"I'm smack dab in the middle of their lives," she thought to herself. "I'm like an obtrusive thing, a marker of some sort, a head stone!"
Everywhere she looked, there were the faces of the apathetic and the opportunistic, Roger being an eager member of the latter group. Didn't anyone care about her anymore? She remembered a conversation she'd had with Mrs. Johnson just the other day.
"You've been so depressed lately Mrs. Stoddard. Why don't you do something to cheer yourself up?" Mrs. Johnson suggested, as if it were the most novel idea in the world. "Why don't you go shopping?"
Liz smiled a half smile and then looked pitiful again. Her eyes were like two weary pools of blue. "Yes, I could buy a new dress and then you could all bury me alive in it."
Stunned, Mrs. Johnson lifted her upper lip in confusion. Her eyes popped open. "Mrs. Stoddard why do you talk like that? Why you're as right as rain, fit as a fiddle..."
"...Spare me your trite, insipid observations of my health. Stick to burnt Indian pudding and bland New England boiled dinners, the things you know best! My health is perfect. I know that! Why can't I get it through your thick skulls that you'll be burying me alive!"
After the outburst, Liz stormed up to her room.
She realized she'd been wearing her blue crushed velvet robe for three days. Pulling a brush through her hair, she changed into something more suitable and rang for the car to bring her into town.
Stepping into the black limousine, she was reminded of the head car in a funeral procession but she wouldn't be in the head car, she reminded herself. She'd be in the hearse!
As they drove by the cemetery, she wondered how many of her ancestors might have been buried alive. As luck would have it, Liz's logical side grimly kicked in inopportunely. Knowing my family, I wonder how many had the luxury of actually being dead first.
At the hairdresser's shop, Liz Stoddard listened to the ladies of Collinsport drone away about bills, spouses and their successful children. Liz confided to her bewildered hairdresser, "Every day that I'm above ground is a successful day for me."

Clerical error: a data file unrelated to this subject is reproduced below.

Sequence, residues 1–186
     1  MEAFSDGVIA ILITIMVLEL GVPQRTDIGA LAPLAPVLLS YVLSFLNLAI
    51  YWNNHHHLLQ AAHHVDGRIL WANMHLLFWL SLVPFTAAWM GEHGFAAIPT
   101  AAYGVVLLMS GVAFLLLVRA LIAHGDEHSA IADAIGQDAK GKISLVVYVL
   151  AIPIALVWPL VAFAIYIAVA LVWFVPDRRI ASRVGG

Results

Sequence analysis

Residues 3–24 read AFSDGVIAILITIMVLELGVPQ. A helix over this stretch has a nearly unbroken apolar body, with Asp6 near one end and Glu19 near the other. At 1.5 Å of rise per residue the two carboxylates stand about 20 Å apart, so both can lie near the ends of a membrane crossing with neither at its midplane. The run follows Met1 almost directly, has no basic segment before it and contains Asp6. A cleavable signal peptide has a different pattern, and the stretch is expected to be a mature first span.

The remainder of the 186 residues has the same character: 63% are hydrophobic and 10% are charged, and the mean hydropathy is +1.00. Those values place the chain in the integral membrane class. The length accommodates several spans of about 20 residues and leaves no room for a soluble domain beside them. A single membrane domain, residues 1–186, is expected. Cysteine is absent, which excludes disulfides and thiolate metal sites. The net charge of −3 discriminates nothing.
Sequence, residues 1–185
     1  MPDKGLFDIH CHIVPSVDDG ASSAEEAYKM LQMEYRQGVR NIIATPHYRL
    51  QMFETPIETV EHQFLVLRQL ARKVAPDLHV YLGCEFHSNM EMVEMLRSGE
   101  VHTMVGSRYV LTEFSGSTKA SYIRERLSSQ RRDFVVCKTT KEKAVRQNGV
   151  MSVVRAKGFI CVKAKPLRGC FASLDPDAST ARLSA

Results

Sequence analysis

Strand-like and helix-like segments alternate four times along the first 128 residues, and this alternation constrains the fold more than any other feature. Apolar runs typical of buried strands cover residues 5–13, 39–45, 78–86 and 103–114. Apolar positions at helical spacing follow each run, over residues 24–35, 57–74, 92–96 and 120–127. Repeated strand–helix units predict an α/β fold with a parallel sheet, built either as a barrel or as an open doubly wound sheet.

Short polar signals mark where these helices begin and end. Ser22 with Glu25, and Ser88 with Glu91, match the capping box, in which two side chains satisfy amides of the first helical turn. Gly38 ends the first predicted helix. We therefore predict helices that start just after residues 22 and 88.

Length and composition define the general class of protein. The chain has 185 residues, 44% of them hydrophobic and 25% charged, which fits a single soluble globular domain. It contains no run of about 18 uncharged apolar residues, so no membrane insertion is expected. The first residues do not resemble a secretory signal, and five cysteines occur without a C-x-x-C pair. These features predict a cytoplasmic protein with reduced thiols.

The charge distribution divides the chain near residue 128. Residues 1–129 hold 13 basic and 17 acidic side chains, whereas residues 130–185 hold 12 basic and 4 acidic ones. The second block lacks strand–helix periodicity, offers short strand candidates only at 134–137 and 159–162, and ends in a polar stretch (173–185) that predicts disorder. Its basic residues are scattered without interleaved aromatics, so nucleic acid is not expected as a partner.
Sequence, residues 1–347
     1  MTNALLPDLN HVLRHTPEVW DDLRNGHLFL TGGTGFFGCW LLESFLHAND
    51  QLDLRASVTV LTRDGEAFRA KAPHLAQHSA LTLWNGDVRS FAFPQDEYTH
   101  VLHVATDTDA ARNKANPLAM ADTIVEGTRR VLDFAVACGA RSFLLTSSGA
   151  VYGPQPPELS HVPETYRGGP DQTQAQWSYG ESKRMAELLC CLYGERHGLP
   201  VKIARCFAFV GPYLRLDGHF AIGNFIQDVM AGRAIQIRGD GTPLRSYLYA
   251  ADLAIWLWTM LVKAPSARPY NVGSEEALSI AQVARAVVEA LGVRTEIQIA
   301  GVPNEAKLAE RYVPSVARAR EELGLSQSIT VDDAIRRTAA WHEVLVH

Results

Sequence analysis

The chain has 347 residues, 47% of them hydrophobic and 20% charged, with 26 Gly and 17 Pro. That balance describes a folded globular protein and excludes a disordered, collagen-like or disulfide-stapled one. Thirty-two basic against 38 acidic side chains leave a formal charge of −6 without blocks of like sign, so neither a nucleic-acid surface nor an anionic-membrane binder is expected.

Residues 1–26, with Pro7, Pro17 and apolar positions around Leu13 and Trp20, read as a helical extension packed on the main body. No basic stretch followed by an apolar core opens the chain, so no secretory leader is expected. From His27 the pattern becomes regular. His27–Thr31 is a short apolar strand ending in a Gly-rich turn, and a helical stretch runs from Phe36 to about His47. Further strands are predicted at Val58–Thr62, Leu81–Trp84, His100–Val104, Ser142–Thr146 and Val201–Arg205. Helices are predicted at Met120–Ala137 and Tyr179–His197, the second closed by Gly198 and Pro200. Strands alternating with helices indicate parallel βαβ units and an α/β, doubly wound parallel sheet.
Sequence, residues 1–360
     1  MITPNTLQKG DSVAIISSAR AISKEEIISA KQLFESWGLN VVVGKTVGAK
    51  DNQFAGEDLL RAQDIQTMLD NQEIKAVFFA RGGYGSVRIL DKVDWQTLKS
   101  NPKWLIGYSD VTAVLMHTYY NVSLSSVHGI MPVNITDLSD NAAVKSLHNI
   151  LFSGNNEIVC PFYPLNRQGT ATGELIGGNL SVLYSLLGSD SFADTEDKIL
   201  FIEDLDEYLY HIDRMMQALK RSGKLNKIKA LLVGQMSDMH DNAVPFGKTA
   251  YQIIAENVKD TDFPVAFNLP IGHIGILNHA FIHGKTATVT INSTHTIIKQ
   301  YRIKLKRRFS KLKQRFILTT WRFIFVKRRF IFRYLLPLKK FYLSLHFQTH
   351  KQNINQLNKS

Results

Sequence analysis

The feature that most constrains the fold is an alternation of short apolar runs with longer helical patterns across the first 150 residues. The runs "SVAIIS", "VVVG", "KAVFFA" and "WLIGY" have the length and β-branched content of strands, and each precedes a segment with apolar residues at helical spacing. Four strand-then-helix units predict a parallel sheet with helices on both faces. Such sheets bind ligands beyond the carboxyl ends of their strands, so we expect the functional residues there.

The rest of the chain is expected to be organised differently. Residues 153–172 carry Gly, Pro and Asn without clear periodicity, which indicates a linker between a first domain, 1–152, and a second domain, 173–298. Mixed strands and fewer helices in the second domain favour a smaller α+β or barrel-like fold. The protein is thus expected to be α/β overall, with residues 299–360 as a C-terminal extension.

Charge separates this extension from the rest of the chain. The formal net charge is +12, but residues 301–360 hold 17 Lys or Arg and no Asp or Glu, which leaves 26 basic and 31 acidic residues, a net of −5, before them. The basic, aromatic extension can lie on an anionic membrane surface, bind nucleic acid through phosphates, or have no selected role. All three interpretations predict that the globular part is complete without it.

Mrs. Hatch, the undertakers wife, couldn't help but overhear the exchange and wasted no time in advertising in her husband's behalf.
"Mrs. Stoddard are you ill?"
"No. But they're still going to bury me alive!"
"Mercy, you don't believe that do you?" Mrs. Hatch inquired, as the hairdresser plastered her spring rollers with smelly solution.
Liz pulled the hairdryer cover down over her head to avoid the inquisition. After a moment's thought however, she abruptly pulled the hood back up again.
"Mrs. Hatch, How well do you know your husband's business?"
The undertaker's wife shrugged and chuckled a bit. "Like the back of my hand. I'm his soul mate!"
Liz leaned in toward Mrs. hatch whispering, "Does he ever make special coffins?"
"Why sure he does!" And reaching into her bag she pulled out a brochure. "Here." She stated proudly as she passed it on to Liz.
The brochure pages fluttered like butterfly wings as Liz scanned through it with great purpose. She shook her head in frustration.
"Gordon will be thrilled with me," Mrs. Hatch thought. "The Collins family is loaded. He could really pad the prices if he wanted to." Then with dismay, she realized that everything was already itemized in the brochure.
Nonetheless, she looked at Liz with anticipation. "See anything you like?"
Liz looked in Mrs. Hatch's piggish, overly zealous face and shook her head.
"Don't any of these coffins have an escape panel?"
Horrified, Mrs. Hatch snatched the brochure from Liz and didn't speak to her for the rest of her stay.
"It's so nice to see you again Mrs. Stoddard, we haven't for so long."
She pulled Maggie closer to her. "I escaped from Wyndcliffe." Liz confided through crazed eyes. Oh God! she thought. Someone had to know what she'd been through!
"They're going to bury me alive!" She shouted at the top of her lungs.
Everyone in the coffee shop turned around and stared, including the cook and the kitchen staff.
Maggie's mouth hung open in stunned silence. Not knowing how to respond, she finally asked, "You take your coffee black, don't you?"